When Jesus tells us to “seek first the kingdom of God and His righteousness,” you know what He means. That righteousness is the protection that Jesus earned for us through His death on the cross. Just think of it this way: none of your sins can produce a lasting stain, because Jesus has paid the price for them. God will one day call you home—maybe tonight is the “night your soul will be required of you”—but you have absolutely nothing to worry about. Because of Jesus’ atoning work as your substitute, your record is spotless. With His blood as your protection, no sin can stain you in God’s eyes. As John says, “The blood of Jesus Christ His Son cleanses us from all sin.” I Jn 1:7. Note carefully that it says, “from ALL sin”! So many of us carry around the guilty memory of a particular sin we’ve committed, which comes back to trouble us again and again. But Christ cleanses us from ALL sin! There is no sin you have committed that God has not already covered with the precious blood of His Son Jesus. In His love, God makes this promise to you in His Word, “There is therefore now no condemnation to those who are in Christ Jesus.” That’s a promise from God. Nothing can change it, and God never goes back on His Word. That’s why C.F.W. Walther, the father of American Lutheranism, once said, “I can confidently meet God on the Last Day; and if He were preparing to condemn me, I could say to Him: ‘You can not condemn me without making Yourself a liar. You have invited me to place my entire confidence in Your promise. I have don that, and therefore I cannot be condemned!” Now that’s Christian confidence! That’s what it means not to worry!
But maybe you see a problem here. “Sure,” you say, “in Christ I’ve got nothing to worry about on Judgment Day—but I’ve got other worries—worries in the here and now! Will I stay healthy? Will I have enough money to pay the bills? Can my wife and I work through the problems in our marriage? Will we have enough wisdom to raise our children right?” But Jesus says: NOT TO WORRY. “Seek first the kingdom of God and His righteousness, and all these things shall be added unto you.” For the exact same reason we trust God for our forgiveness day by day, we can also rely on Him to provide all the other things we need in life.
The Lord has a special interest, not just in Christians in general, but in each one of you in particular. Think for a moment—He allowed His only Son to bleed and die for you so you could have eternal salvation—now don’t you think you can trust Him to take care of the other needs in your life? With a gentle rebuke, Jesus says to you: take a look around. Look at the beautiful wildflowers that spring up by themselves along the roadside. They don’t toil or spin. They don’t draw a paycheck. Yet God gives them more luxurious clothing than even King Solomon had. Or, Jesus says, consider the birds of the air—they don’t worry about planting or harvesting or whether their barns are big enough. They have no bank accounts or IRA’s. But God never fails to feed them. “Are you not of more value than they are?” asks Jesus. Or, in the words of the Apostle Paul, “He who did not spare His own Son, but delivered Him up for us all, how shall He not with Him also freely give us all things?” Rom 8:32. It’s a question that needs no answer. For Jesus’ sake, God will give you everything you need. It’s simply a fact. Ask the older, more-experienced Christians among us this morning, and they’ll tell you it’s a fact. And that’s a very good reason to stop worrying, and start trusting that God is going to take care of your life!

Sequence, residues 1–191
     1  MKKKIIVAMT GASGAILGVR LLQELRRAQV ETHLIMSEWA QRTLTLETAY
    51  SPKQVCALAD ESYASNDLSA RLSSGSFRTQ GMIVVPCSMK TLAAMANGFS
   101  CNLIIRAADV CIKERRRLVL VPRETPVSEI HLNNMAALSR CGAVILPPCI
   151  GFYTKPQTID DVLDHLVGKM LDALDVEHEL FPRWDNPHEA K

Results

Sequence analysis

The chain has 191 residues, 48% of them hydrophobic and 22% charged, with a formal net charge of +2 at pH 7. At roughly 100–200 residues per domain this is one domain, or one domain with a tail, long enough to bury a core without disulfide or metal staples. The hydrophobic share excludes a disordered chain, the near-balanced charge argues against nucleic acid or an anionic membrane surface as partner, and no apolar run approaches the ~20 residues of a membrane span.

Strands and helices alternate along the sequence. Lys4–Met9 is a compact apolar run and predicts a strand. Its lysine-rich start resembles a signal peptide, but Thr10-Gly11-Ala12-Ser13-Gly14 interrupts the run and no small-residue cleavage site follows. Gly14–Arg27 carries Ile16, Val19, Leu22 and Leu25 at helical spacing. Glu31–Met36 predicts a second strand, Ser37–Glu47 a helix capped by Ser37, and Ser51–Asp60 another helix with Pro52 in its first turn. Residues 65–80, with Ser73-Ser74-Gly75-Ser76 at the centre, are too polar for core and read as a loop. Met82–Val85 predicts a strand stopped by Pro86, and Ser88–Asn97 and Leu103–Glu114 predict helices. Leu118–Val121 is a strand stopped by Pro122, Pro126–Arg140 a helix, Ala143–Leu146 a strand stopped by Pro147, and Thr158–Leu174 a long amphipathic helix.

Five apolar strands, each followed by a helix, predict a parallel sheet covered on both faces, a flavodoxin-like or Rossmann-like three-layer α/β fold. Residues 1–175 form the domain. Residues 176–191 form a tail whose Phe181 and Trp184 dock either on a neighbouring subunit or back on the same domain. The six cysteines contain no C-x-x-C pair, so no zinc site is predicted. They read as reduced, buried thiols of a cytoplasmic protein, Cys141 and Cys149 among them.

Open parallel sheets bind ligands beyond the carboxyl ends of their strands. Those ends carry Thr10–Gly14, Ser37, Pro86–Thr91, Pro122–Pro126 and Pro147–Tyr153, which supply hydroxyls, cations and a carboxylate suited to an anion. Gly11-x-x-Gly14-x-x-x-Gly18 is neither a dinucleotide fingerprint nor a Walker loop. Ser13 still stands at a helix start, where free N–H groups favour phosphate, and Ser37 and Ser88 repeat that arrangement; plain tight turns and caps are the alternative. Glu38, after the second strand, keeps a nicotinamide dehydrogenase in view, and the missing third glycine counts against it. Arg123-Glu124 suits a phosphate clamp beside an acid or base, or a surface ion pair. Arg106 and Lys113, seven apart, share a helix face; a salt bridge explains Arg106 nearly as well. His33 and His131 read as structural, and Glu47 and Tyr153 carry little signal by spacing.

You don’t have to worry about tomorrow. You’re a Christian. And life for a Christian isn’t a life of walking on eggshells, but a victorious life that trusts in God to provide our needs. To be a Christian means NOT TO WORRY, because our “Father knows that we have need of all these things.”
A had a friend when I was younger whose parents had painted an interesting passage on the wall right above their dining room table. I don’t imagine the children of that family paid much attention to it—they were just hungry kids, after all. All they knew was that, when dinner time came around, there would always be food on the table. It wasn’t until years later that my friend realized that his parents had known all along how not to worry. The passage read simply, “Commit thy way unto the Lord, trust also in Him, and he shall bring it to pass.” May God grant us similar grace to place all our trust in our loving and generous Provider, AMEN.
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All scripture quotations, unless otherwise indicated, are taken from the King James Version.